The design team behind HARE is used to ignoring the rules. Each season the brand discards the template of the one that preceded it, opting to start (mostly) fresh and play with a new set of variables. That freedom has led to seasons filled with Ukiyo-e art-inspired sweaters or mix-and-match block cut prints, but this time around, the focus was on folds. Pleats are a motif steeped in culture and history, particularly within the context of Tokyo Fashion Week.
It would be easy to compare the intricate tucks and creases that covered tunics and wide-legged trousers at HARE to origami or the work of the Japanese master Issey Miyake, but that would do them a disservice. The similarities are clear, but the intentions feel different. Stripped of notions about gender and decidedly informal in their presentation, they seem developed, especially for Generation-Z. The kids who’ve filled their smartphones with pictures of old-school runway photos but have yet to dip their toes into the increasingly competitive vintage market. If you can’t track down that late ’90s archival piece, HARE’s pin-tucked and pleated separates could sate the urge.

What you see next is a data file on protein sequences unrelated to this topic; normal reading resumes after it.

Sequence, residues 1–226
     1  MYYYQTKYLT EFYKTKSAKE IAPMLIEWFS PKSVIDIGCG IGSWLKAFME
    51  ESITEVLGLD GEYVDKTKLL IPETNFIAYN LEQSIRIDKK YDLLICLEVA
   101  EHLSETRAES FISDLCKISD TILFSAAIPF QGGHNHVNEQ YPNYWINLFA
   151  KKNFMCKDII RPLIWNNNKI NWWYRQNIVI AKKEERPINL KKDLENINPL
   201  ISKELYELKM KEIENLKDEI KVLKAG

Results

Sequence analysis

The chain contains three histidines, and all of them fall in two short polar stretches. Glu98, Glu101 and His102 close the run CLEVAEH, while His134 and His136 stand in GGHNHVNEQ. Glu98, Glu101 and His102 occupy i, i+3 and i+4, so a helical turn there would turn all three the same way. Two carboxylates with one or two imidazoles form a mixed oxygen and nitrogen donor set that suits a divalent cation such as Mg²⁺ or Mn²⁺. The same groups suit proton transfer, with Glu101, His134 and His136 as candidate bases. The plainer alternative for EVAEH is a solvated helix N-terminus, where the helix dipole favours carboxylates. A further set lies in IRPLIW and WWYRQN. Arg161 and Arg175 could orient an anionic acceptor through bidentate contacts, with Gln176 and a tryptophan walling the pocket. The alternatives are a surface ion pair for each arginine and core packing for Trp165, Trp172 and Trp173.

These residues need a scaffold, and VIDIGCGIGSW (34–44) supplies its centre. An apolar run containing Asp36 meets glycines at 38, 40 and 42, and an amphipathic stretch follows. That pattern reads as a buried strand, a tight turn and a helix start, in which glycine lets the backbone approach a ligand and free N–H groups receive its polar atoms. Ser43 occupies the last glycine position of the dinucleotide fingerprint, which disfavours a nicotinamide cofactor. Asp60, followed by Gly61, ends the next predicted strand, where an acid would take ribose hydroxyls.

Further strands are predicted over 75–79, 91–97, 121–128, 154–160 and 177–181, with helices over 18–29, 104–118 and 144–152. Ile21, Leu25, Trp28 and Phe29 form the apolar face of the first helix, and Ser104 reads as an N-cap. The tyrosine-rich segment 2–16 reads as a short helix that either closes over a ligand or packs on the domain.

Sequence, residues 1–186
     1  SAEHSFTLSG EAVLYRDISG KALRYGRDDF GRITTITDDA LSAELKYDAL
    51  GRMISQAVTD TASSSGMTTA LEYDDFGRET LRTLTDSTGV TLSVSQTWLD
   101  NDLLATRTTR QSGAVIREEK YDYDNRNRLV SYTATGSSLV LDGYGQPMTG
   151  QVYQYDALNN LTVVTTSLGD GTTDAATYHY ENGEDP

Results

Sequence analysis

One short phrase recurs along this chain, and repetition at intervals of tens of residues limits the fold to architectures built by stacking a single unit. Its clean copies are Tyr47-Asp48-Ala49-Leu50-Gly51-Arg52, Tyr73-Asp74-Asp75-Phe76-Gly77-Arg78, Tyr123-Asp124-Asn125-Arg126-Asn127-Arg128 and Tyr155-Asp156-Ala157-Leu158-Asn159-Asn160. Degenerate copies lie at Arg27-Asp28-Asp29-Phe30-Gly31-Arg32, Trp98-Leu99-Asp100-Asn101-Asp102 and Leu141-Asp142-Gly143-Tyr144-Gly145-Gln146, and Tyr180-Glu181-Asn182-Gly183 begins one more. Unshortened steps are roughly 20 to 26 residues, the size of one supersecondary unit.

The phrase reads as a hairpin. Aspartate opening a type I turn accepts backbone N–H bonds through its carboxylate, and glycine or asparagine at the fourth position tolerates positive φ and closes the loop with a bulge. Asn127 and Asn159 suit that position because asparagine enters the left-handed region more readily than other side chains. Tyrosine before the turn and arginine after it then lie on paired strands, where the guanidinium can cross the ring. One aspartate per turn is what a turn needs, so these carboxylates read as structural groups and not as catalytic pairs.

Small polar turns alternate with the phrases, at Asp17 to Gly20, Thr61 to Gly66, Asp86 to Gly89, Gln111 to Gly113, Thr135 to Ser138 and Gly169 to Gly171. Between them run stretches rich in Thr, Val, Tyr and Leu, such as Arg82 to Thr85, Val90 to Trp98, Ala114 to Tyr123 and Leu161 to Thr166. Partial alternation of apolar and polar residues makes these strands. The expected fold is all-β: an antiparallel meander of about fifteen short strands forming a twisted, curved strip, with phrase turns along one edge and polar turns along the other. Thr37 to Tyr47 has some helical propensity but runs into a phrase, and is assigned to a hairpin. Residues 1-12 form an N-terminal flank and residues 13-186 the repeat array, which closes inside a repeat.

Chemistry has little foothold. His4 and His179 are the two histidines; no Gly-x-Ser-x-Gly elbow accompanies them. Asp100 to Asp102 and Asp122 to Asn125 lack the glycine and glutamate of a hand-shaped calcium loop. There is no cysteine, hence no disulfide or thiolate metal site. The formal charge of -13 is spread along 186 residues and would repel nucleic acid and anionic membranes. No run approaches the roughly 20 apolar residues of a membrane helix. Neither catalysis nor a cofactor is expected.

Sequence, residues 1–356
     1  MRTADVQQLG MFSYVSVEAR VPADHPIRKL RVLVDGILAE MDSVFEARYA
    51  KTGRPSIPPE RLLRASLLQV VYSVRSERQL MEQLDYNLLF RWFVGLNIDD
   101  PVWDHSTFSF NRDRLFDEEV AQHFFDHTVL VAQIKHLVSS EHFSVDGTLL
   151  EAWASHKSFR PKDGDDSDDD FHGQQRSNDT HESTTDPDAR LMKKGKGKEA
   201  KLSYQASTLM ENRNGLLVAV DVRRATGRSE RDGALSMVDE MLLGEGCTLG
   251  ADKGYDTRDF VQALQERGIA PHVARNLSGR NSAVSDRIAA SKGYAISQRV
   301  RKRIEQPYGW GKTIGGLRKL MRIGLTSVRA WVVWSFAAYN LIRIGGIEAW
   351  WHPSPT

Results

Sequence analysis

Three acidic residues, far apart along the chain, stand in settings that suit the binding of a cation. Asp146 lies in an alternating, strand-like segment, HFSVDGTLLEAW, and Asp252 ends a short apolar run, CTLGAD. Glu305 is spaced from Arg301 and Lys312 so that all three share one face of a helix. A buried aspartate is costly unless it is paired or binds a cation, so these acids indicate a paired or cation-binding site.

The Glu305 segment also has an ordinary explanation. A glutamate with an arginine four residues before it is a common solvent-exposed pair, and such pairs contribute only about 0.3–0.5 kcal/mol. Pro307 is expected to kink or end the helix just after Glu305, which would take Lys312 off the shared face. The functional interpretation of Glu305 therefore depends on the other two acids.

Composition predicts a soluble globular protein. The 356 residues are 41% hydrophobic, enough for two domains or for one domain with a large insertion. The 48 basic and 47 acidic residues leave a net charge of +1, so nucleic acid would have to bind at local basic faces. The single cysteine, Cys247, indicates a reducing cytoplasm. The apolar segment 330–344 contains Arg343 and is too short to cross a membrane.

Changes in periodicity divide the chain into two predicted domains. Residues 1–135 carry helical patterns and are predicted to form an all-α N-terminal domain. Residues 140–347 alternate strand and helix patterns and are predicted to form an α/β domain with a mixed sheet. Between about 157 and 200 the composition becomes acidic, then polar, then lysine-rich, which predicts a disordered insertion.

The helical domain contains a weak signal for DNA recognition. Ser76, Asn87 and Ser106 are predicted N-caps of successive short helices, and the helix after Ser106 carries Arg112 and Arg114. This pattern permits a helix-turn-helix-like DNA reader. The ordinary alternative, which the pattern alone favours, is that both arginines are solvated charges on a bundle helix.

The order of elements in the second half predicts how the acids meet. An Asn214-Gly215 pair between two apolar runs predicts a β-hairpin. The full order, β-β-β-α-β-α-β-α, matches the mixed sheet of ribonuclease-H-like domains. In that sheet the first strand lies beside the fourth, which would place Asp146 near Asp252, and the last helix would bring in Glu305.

Homage is nice, but as the collection moved away from the familiar, it grew more interesting. The segments that really gelled were interspersed with offbeat colors. Who (besides Consuelo Castiglioni) knew that mauve and mustard could be neutrals when splashed against each other on an abstract sweater dress worn with matching tights, or that plum brocade could be appealing with nary a Prince album in sight. These quirkier looks felt spirited and fun, as did a tactile set of handbags that called to mind plush toys. Still, one couldn’t help but wish these quirky moments had been amplified into something that didn’t trigger nostalgia.